Hold brown trout at the wrist in front of the tail and cradle the body in your other hand
Davy Wotton answers the question of how to handle trout properly, and in particular during winter temperatures
The simple answer to this question is this, with as little stress as possible.
Assuming you are using barbless hooks the most common reason for mortality is due to how fish are handled be that with a net or hands that causes loss of the protective membrane that is the trout’s answer to ward of bacterial infections.
Once a bacterial infection takes hold its more or less a death sentence. If at all possible avoid use of a net.
Subjecting a fish to excessive time out of the water, worse when temperatures are high and low.
The membranes in a trout’s gill are very delicate they are also the means that allows for oxygen to transmit to the blood and in the case of trout they do not have that much to start with.
Its as simple as this. If your rod guides are freezing then likewise water that covers the fish and its gills can do same in a very short period of time.
Extreme heat likewise can be the cause of mortality. That being the case the fish needs to be returned to the water as quickly as possible.And that also means not allowing fish to lay on boat decks, rocks or any other substrate that is subject to extreme temperature regardless if they are in a net.
If you are looking for a picture keep the trout in the water in the net until you have the camera ready to go. A good idea here is to pre focus with the fisherman before he holds the trout as that will reduce considerable time having to hold the fish out of the water. Trauma such as dropping fish on rocks, boat decks is a definite no, no.
In the case of wade fishing aim to keep the fish over water while the pics are taken.
In the case of boat, go to the nearest shore. Unless you are confident that the fisherman knows how to hold the fish without dropping it. You would be surprised how many do not.
In the case of Brown trout they have a pretty solid wrist at the tail junction and that will allow for a positive hold while the fish is cradled in the other hand. Larger Bows also have a wrist but its not as good as brown trout where the angle of the tail from the body is much stronger in the case of bows it is ore likely to fold.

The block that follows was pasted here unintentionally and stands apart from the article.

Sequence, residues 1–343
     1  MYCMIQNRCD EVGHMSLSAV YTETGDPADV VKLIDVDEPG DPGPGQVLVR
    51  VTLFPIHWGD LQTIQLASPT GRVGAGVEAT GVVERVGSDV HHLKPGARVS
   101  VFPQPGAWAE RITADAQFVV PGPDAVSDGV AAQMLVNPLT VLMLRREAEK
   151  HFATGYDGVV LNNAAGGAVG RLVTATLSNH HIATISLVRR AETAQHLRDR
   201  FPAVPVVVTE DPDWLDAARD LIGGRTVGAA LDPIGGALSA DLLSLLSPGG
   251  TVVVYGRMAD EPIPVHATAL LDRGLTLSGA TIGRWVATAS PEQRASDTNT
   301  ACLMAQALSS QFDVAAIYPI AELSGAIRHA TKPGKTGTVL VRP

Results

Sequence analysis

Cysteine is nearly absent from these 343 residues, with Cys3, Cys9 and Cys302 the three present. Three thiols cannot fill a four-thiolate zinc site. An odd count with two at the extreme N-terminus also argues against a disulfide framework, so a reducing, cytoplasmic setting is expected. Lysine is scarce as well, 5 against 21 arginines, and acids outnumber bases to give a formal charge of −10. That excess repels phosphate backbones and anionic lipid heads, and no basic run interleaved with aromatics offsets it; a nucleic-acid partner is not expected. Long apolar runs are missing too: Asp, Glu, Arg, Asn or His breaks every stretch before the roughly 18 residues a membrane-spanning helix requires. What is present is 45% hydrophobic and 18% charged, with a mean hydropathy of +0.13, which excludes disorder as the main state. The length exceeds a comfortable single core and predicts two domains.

Either way a good positive tail hold is the way to go.
Likewise holding a trout by placing the hands inside the gills is a death sentence a definite no, no. Nets and gloves, always a point of discussion. Fact is both can contribute to loss of protective membrane from the trout’s body. Granted there are some nets better than others. The deal is aim to release the fish while it is in the net in the water or as little time as possible if you have to bring the fish out of the water.
The more a trout thrashes in the net then the greater the loss. Boga grips, those l would never use for trout, may be for toothy saltwater species. Its not a ideal way to hold a trout for a picture either. A trout’s vertebra can be seriously damaged by weight as it is held uppermost by the head and as often seen in photos the upward bent U shape angle of the trout’s body. Release of fish.
Many larger fish which have been subject to picture time when released will subsequently die.
So here are a couple of considerations.
Never release a trout into fast flowing water that will not allow for the fish to recover before it gains it ability to swim against and maintain its upright position. Often as not if you do the fish will be washed downstream and never be able to regain its ability to maintain position.
If you are boat fishing then run to shore and allow the fish to recover before you leave it.
There are times of the year when both water temperature and lower levels of DO will demand you spend more time with the fish.
Never also assume that moving the fish back and forth you are doing it a favor as you are not. Water does not pass through the gills in reverse. Simply hold the fish against the water flow and let the trout’s natural bodily functions allow it to recover.
I was asked recently why trout when handled in hatcheries or shocking surveys are less likely to die.
The main answer is this. They are not subject to being played out and stressed as fish we catch on rod and line are. In most cases these fish are returned back to the water with very low stress.
I have pretty much covered the main issues here, once again the simple answer is, with as little stress as possible.